Fishermen are halting exports to Europe because new border bureaucracy introduced by the government as part of Brexit is making their business unviable.
Exporters now have to deal with new health certificates, customs declarations and other paperwork if they want to sell to the EU, the largest market for much of the UK’s catch.
Describing the situation as a “catastrophe”, businesses said orders from Europe were also drying up because of Boris Johnson’s new trade barriers.
Seafood is highly perishable and relies on a seamless flow across borders, but small test consignments sent to France and Spain that would normally take one day are now taking three or more days, if they get through at all.
It is also taking five hours for firms to secure a health certificate from authorities, a document required to apply for other customs paperwork.
“Our customers are pulling out,” Santiago Buesa, director of SB Fish told the Reuters news agency. “We are fresh product and the customers expect to have it fresh, so they’re not buying. It’s a catastrophe.”
Meanwhile David Noble, another exporter who buys from Scottish fleets to export to Europe, told the same agency that the new Brexit bureaucracy was costing between £500-£600 pounds a day and wiping out most of the profit.
“If our fish is too expensive our customers will buy elsewhere,” he said.
Donna Fordyce, chief executive at Seafood Scotland, said: “The last 48 hours has really delivered what was expected – new bureaucratic non-tariff barriers, and no one body with the tools to be able to fix the situation.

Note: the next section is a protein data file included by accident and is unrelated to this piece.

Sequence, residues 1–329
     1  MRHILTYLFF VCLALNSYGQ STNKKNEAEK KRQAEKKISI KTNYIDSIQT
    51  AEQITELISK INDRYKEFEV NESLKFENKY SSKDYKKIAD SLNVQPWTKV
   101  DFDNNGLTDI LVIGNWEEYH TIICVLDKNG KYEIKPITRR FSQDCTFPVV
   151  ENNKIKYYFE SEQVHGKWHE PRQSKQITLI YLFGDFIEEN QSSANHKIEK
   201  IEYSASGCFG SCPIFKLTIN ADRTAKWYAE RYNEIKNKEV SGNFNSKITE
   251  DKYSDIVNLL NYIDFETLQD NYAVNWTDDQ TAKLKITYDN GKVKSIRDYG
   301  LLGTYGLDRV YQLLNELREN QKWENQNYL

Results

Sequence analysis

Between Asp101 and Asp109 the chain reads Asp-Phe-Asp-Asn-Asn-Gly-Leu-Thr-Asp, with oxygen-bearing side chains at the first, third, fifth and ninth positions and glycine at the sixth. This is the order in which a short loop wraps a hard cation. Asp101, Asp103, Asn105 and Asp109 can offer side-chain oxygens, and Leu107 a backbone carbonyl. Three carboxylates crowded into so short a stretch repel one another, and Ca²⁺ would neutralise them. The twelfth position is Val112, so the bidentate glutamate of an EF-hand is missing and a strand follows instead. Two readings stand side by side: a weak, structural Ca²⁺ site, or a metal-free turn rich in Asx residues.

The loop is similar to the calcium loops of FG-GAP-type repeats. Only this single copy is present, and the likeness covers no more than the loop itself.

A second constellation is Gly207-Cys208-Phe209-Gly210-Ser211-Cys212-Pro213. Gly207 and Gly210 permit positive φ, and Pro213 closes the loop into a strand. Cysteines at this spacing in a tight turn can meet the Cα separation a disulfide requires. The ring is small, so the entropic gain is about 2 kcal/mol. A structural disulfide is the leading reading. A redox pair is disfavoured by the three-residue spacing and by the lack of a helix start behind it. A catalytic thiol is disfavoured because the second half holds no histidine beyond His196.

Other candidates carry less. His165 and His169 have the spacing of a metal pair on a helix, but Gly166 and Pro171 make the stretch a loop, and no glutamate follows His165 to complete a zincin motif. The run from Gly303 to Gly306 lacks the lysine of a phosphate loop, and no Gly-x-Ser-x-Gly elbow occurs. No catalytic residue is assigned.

“It’s a perfect storm for Scottish seafood exporters. Weakened by Covid-19, and the closure of the French border before Christmas, the end of the Brexit transition period has unleashed layer upon layer of administrative problems, resulting in queues, border refusals and utter confusion.
“IT problems in France meant consignments were diverted from Boulogne sur Mer to Dunkirk, which was unprepared as it wasn’t supposed to be at the export front line. There have also been HMRC IT issues on the UK side that need to resolved ASAP regarding certification.”
She said a lack of knowledge of the required paperwork was also making shipments take far too long and called for a relaxation of checks on just a sample from each load instead of “entire consignments”.
While lorries are physically moving smoothly through Britain’s ports without tailbacks, freight volumes have dropped sharply and businesses are simply staying away from the new border on account of the bureaucracy.
Stena, the ferry company that operates many services said it was cancelling a dozen sailings between Wales and Ireland next week because of “a decline in freight volumes during the first week of Brexit”.
Speaking on Friday morning, Transport secretary Grant Shapps defended the new barriers to trade, adding there had been some “changes”.
“The cabinet office are working very closely with businesses,” he said.
“It’s not the case that goods have stopped flowing. In fact just before I came on I was studying, as I do by the hour at the moment, the flow at Kent and it’s been picking up every single day of this year so far.
“You’re seeing goods crossing the short straits and flowing perfectly smoothly – so far not the 11-mile traffic jams we were told about.”
Mr Shapps admitted it had been a “quieter start to the year” but said this was on account of stockpiling ahead of a possible no-deal. He said “less than 1 per cent of vehicles” were turning up without paperwork.
“We may well see busy times again but at the moment the border is in fact flowing and it’s flowing very smoothly,” he told BBC Radio 4.
“I speak to the French … and they are telling me that they are very keen to keep that border flowing very smoothly, not least because they sell more stuff to us than we sell to them, so it’s in their interest.”